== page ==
What are the odds of Michigan State Lacrosse advancing to Division 1?

It’s been 25 years since Michigan State fielded a Division 1 lacrosse team. The university may have cut the program, but it couldn’t take the sport off campus. The team has been one of the most successful club teams in the state, culminating in its 2018 MCLA National Championship.

The program has received some great news recently. They’re not quite returning to Division 1 just yet, but the university has announced that it’s building a lacrosse-only facility.

We caught up with Spartan alumnus and head coach Matt Holtz about the status of the program and what the future holds for lacrosse at East Lansing.

Can you give us an overview of Michigan State’s lacrosse program?

We have some pretty solid numbers coming back next year. We have graduated a third-team all-conference goaltender and a first-team all-conference midfielder.

Goalkeeper: We have two young substitutes who will work to earn a place. I trust both of them, but we graduated our third-team all-conference goaltender.

Defense: We have three of the four-man rotation returning, including honorable mention All-American Mathias Biland.

MSL: We have a rotation of three people and one of those three people has graduated. It would be nice to go there with a lot of experience.

SSDM: We return the third All-Conference SSDM team. We should be strong here.

FOGO: We have the best FOGO in MCLA, hands down. Last year, as a freshman, he was an honorable mention All American. He’s never gone below 50% in a game and went 65% against UMLC’s All-Conference second team FOGO. It is completely dominant there.

O-Medium: We got our best O-Mid but flip Hank Shaban (15g, 13y) and Ryan Murphy (14g, 4y)

Offensive: Return of all of our offenses that saw significant time, including second-team all-conference Connor Hamilton (16g, 16a) and all-conference honorable mention Jon Bickford (13g. 16a)

Last month I spoke with Dylan Sheridan and John Paul on the growth of the game outside of traditional hotbeds like Long Island and Baltimore. You have been coaching for almost 25 years now. Can you highlight the growth of lacrosse in the Midwest since your early days?

I started playing in Michigan in 1988. Back then, we were playing 14 games a year, seven home games and seven away games with each of the other teams in the state. My second year saw the start of real expansion when Ann Arbor Pioneer and Ann Arbor Huron were added along with East Grand Rapids and Forest Hills Central.

When I started coaching in the late 90s, most of the really talented players came from the top eight or that first group of expansions in Ann Arbor and Grand Rapids. Seeing legit D1 caliber players coming out of schools like Hartland, Brighton, Midland and Okemos is the real sign that the lacrosse scene in Michigan has come to a pretty good place. I would like to see more big city public schools like Detroit, Flint, etc. launch programs, but that will come with time.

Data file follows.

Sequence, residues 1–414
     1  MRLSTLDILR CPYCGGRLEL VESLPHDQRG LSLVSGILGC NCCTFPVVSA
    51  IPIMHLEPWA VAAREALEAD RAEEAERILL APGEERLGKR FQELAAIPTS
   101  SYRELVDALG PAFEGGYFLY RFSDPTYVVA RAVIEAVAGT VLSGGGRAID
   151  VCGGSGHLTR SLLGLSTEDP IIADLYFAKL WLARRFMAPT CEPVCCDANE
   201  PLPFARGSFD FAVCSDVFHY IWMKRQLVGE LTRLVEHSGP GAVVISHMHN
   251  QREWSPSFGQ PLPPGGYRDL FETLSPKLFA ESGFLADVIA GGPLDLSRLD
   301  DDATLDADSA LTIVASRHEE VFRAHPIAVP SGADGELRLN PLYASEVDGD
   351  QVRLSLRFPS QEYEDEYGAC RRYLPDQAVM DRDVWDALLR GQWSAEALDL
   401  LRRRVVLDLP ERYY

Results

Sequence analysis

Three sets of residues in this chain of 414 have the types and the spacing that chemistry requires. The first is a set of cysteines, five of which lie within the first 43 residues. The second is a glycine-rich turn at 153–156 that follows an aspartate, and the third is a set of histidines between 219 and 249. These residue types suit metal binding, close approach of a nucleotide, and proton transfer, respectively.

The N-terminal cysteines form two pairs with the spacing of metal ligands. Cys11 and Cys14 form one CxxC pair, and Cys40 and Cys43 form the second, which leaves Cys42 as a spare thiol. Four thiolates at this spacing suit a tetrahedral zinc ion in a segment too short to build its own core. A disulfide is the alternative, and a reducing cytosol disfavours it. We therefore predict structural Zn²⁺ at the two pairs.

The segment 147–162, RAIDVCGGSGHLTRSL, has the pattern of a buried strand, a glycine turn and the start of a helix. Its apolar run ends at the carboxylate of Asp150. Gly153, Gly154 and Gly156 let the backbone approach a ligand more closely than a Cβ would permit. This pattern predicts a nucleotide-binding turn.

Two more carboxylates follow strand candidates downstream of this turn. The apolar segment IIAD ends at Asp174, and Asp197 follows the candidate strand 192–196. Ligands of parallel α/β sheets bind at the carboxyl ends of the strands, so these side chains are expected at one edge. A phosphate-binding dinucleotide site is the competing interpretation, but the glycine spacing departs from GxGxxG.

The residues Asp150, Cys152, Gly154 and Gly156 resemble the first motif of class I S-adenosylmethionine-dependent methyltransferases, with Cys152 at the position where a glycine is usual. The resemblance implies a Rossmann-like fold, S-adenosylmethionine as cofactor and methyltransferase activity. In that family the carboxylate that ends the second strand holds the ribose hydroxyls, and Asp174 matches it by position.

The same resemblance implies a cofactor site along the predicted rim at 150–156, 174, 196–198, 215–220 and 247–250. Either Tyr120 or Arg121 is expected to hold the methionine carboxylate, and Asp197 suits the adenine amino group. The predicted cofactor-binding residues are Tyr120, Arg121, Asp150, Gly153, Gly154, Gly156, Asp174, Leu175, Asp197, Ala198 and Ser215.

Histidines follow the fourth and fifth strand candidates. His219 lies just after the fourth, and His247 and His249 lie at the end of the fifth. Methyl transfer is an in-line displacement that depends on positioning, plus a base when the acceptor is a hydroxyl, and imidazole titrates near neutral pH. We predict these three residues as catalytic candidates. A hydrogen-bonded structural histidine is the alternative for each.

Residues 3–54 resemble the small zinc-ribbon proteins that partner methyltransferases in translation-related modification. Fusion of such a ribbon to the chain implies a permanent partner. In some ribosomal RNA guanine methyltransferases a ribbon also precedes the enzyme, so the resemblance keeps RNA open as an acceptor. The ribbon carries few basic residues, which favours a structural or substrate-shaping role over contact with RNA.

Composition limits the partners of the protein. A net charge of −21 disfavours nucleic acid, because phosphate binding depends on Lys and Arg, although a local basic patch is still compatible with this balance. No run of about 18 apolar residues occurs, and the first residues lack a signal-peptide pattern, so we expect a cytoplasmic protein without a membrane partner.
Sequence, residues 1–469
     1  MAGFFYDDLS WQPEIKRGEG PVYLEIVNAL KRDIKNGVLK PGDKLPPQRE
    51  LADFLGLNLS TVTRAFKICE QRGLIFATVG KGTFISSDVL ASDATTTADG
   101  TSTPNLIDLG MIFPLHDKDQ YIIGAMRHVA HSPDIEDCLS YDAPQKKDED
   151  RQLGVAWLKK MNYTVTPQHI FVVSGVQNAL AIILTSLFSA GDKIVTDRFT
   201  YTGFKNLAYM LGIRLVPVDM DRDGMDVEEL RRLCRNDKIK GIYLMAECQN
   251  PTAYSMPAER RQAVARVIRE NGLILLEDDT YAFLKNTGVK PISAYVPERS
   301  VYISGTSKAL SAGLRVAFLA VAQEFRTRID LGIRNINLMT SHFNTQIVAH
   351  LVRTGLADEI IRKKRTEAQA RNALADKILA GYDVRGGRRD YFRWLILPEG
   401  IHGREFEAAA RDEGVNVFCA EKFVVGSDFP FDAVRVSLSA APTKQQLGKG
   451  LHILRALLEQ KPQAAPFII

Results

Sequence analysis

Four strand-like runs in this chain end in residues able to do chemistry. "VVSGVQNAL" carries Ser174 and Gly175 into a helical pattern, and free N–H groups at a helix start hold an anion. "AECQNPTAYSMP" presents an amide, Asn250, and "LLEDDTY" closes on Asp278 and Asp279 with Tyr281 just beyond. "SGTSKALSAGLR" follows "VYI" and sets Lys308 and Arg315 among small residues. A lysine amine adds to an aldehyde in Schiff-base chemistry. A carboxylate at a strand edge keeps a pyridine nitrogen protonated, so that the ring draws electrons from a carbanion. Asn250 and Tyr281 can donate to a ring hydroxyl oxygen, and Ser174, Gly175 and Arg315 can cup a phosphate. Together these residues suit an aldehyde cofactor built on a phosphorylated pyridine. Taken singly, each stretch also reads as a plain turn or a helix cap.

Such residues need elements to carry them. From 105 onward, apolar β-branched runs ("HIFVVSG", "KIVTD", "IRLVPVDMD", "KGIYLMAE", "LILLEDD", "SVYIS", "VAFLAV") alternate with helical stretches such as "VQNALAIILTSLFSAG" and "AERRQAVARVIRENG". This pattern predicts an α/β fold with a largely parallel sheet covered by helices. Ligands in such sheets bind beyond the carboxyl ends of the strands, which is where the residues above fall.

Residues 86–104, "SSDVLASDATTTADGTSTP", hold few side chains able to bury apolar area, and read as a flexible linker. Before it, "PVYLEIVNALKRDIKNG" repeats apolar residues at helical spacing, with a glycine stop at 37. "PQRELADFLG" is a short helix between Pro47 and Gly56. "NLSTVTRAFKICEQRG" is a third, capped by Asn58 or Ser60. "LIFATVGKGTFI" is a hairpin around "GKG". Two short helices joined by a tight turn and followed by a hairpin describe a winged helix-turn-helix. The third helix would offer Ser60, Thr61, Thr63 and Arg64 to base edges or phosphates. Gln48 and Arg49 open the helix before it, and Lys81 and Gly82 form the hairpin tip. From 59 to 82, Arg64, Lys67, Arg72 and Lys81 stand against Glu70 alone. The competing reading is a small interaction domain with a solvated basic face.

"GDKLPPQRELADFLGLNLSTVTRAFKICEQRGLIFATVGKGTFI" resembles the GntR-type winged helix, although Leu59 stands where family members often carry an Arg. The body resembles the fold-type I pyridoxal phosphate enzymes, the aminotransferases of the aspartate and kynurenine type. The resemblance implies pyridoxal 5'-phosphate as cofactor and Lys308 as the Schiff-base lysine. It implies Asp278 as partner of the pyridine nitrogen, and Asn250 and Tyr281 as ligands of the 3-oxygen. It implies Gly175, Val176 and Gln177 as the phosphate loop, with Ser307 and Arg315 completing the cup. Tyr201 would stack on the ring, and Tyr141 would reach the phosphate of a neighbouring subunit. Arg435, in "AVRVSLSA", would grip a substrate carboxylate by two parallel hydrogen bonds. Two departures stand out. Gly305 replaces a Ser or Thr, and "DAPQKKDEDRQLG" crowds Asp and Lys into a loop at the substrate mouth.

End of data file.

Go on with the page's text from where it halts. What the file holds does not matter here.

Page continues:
The MHSAA (well at least the coaches) is looking for a place to host the state championship. Michigan State already hosts the MHSAA Baseball Championship, do you foresee a potential partnership with programs in Michigan and perhaps the Midwest?

Seating in our new facility may not be what MHSAA is looking for at this time. We are working to make this change hopefully in the near future. I believe MSU also hosts the state basketball championship. The reality is that the area is at the intersection of I-96, I-69, and US 127, making it very accessible from across the state. I would love to see something like this happen.

You had great success bringing another Michigan program into Division 1 while earning a tournament bid and making the Irish uncomfortable in that first-round game. Can you talk about that transition from moving to a D1 program to winning at MAAC?

I still have fond memories of Denver Airport after the 11th straight loss that ended the first season. The following year, we won three matches. The year after, we did the MAAC championships. Detroit was in a great location with easy access to Michigan’s best programs. It is a Catholic school that has been very popular with Detroit Catholic Central and Brother Rice. I got good at finding talent across the river in Ontario and Chris Kolon got good at Long Island. These factors led to an excellent end to the 2013 season.